Wisconsin sold $154.6 million of general obligation bonds last month at interest rates usually available only to borrowers with the highest credit ratings. Wall Street firms didn't require the state to insure the bonds, even though Wisconsin is graded four levels below AAA, amid signs that bond guarantors may lose their own top rankings.
``Either the Street or investors didn't see the underlying value of the insurance,'' Frank Hoadley, Wisconsin's director of capital finance, said in an interview.
Wisconsin, California, New York City and about 300 other municipal issuers sold bonds without buying insurance in recent weeks, avoiding premiums that are as high as half a percentage point of the bond issue, according to data compiled by Bloomberg. The amount of insured bonds sold fell about 15 percent in November from a year earlier, according to Thomson Financial figures cited in the Bond Buyer, an industry trade publication.
Municipal issuers paid an annual average of $1.99 billion in premiums over the past five years to gain the AAA ratings granted by insurers on $1.86 trillion of interest and principal payments, Standard & Poor's says.
States and local governments with investment-grade ratings default on less than 1 percent of their debt because they can raise taxes and fees, according to a March report by Moody's Investors Service. They may be better credit risks than their ratings indicate.
Dual Rating Scale
``Taxpayers give insurers $2 billion a year because of a dual-rating scale,'' said Matt Fabian, senior analyst and managing director of Municipal Market Advisors, an independent municipal bond research firm in Concord, Massachusetts. ``You could easily save taxpayers that $2 billion by rating them on the same scale as corporate bonds.''
States and cities will reduce the amount of debt they insure to as little as 35 percent of total borrowings in the first half of 2008, according to a Dec. 13 report by New York- based Bear Stearns Cos. That's down from more than 50 percent over the past five years, based on Thomson data.
``Most people are looking at the underlying ratings,'' Steven Shachat, who invests $1.2 billion for Alpine Woods Capital Investors in Purchase, New York. Issuers ``are absolutely re-evaluating the importance of insurance,'' he said.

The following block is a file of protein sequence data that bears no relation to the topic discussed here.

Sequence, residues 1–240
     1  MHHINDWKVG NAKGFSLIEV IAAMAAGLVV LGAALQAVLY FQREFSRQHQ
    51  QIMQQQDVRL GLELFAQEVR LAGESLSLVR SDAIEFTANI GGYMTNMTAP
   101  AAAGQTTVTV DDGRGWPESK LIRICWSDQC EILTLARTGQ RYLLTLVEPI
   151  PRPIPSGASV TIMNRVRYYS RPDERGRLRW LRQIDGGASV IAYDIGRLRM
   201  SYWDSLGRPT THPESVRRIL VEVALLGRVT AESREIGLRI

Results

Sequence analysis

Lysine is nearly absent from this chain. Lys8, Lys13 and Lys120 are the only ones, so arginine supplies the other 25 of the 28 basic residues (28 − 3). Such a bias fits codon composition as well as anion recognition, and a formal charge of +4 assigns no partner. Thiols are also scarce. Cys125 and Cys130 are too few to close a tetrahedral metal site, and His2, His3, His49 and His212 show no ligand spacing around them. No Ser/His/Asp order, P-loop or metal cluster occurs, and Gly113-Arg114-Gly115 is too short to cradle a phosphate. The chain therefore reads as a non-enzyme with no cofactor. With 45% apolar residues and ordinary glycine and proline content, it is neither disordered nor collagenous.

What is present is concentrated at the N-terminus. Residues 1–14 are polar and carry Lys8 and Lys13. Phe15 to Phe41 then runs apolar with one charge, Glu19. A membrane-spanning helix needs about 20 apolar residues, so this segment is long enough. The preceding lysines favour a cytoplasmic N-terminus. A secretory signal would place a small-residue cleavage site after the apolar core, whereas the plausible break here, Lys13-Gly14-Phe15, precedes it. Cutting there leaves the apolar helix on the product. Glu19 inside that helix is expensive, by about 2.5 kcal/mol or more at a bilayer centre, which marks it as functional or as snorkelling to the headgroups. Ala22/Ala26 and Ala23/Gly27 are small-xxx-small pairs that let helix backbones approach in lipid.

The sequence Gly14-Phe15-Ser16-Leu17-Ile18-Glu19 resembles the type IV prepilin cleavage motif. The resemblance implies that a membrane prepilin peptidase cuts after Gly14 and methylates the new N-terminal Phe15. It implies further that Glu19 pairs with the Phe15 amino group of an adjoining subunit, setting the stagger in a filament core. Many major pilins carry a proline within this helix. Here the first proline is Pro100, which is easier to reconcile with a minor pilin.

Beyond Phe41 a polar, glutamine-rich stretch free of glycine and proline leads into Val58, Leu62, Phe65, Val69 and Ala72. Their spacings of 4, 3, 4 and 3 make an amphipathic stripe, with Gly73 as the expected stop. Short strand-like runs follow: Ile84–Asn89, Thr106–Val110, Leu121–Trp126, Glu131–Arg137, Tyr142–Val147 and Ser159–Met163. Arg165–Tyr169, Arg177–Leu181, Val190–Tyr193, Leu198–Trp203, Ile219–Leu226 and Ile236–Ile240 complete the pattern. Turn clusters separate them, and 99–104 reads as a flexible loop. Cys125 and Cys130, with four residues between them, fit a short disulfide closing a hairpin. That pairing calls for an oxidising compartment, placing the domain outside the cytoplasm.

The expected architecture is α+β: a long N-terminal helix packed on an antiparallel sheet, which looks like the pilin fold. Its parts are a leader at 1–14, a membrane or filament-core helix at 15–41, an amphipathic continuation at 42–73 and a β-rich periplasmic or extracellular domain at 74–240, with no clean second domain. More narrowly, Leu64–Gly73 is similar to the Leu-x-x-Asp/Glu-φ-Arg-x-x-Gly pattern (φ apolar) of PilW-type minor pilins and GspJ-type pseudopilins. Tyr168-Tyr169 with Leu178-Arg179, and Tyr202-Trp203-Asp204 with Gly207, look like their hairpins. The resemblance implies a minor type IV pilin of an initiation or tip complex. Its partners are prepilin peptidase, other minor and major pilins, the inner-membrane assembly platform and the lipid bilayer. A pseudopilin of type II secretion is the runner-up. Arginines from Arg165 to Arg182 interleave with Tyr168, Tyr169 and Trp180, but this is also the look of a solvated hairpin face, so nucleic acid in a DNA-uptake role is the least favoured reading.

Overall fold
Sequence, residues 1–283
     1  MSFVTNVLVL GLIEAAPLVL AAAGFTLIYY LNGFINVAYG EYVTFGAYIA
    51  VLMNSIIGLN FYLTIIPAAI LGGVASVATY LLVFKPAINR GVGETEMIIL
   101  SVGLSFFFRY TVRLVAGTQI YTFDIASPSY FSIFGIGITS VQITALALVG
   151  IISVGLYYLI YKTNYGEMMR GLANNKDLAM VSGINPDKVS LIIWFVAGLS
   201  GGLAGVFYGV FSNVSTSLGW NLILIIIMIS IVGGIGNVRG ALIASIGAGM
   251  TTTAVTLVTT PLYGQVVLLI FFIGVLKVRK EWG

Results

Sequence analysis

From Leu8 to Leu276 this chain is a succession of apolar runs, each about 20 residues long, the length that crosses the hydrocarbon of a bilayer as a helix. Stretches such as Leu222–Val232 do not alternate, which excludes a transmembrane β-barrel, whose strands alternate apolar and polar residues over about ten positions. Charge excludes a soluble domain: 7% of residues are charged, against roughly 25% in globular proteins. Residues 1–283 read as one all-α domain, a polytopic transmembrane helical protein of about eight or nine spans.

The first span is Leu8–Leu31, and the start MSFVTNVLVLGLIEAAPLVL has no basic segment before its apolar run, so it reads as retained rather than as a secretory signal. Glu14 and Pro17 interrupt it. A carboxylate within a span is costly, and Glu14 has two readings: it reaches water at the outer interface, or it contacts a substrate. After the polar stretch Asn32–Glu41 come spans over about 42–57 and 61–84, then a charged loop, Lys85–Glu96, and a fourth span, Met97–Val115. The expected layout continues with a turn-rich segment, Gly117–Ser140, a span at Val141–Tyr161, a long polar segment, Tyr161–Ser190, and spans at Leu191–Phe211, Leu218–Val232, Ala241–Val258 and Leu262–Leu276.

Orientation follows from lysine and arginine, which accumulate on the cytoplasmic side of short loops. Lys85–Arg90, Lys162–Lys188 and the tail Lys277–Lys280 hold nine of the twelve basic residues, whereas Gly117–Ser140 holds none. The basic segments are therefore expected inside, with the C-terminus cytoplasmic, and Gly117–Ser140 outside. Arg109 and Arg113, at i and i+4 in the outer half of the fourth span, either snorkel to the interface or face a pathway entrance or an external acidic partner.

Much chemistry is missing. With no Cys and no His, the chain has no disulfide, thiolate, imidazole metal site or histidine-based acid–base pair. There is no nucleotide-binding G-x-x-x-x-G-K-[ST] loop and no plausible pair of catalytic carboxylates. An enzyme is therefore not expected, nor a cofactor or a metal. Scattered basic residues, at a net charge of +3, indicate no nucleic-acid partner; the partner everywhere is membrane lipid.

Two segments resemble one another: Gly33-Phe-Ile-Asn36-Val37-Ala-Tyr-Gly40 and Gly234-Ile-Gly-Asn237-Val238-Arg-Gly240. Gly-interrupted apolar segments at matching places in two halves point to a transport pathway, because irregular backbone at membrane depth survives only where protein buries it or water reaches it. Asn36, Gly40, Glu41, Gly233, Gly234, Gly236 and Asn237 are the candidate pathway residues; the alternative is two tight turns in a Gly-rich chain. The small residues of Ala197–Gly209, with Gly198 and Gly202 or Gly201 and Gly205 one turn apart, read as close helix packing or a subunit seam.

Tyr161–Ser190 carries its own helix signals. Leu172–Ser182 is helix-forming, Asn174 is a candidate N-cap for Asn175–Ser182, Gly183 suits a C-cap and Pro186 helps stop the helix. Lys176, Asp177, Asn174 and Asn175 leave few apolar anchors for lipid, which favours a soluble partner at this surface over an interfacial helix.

The cost of protecting debt issued by bond insurers MBIA, FGIC Corp. and XL Capital Assurance Inc. against nonpayment using credit-default swaps rose more than fourfold over the past four months because of their guarantees of debt tied to subprime mortgages, according to CMA Datavision in London.
Moody's lowered MBIA's outlook to negative Dec. 15 and said it may cut ratings on the other two. S&P followed by cutting the outlook for MBIA and Ambac to negative on Dec. 19. Fitch Ratings yesterday put MBIA under review for a possible downgrade.
Credit-default swaps, contracts conceived to protect bondholders against default, pay the buyer face value in exchange for the underlying securities or the cash equivalent should a company fail to adhere to its debt agreements. An increase indicates a decline in the perception of credit quality.
S&P's actions were ``prompted by worsening expectations'' for insured nonprime residential mortgage bonds and collateralized debt obligations of asset-backed securities, the New York-based firm said in a statement.
MBIA and Ambac accounted for 43 percent of the insurance premiums collected in the municipal bond market in 2006, data compiled by Bloomberg show. MBIA gets about 33 percent of its insurance premiums from the securities and Ambac gets 50 percent.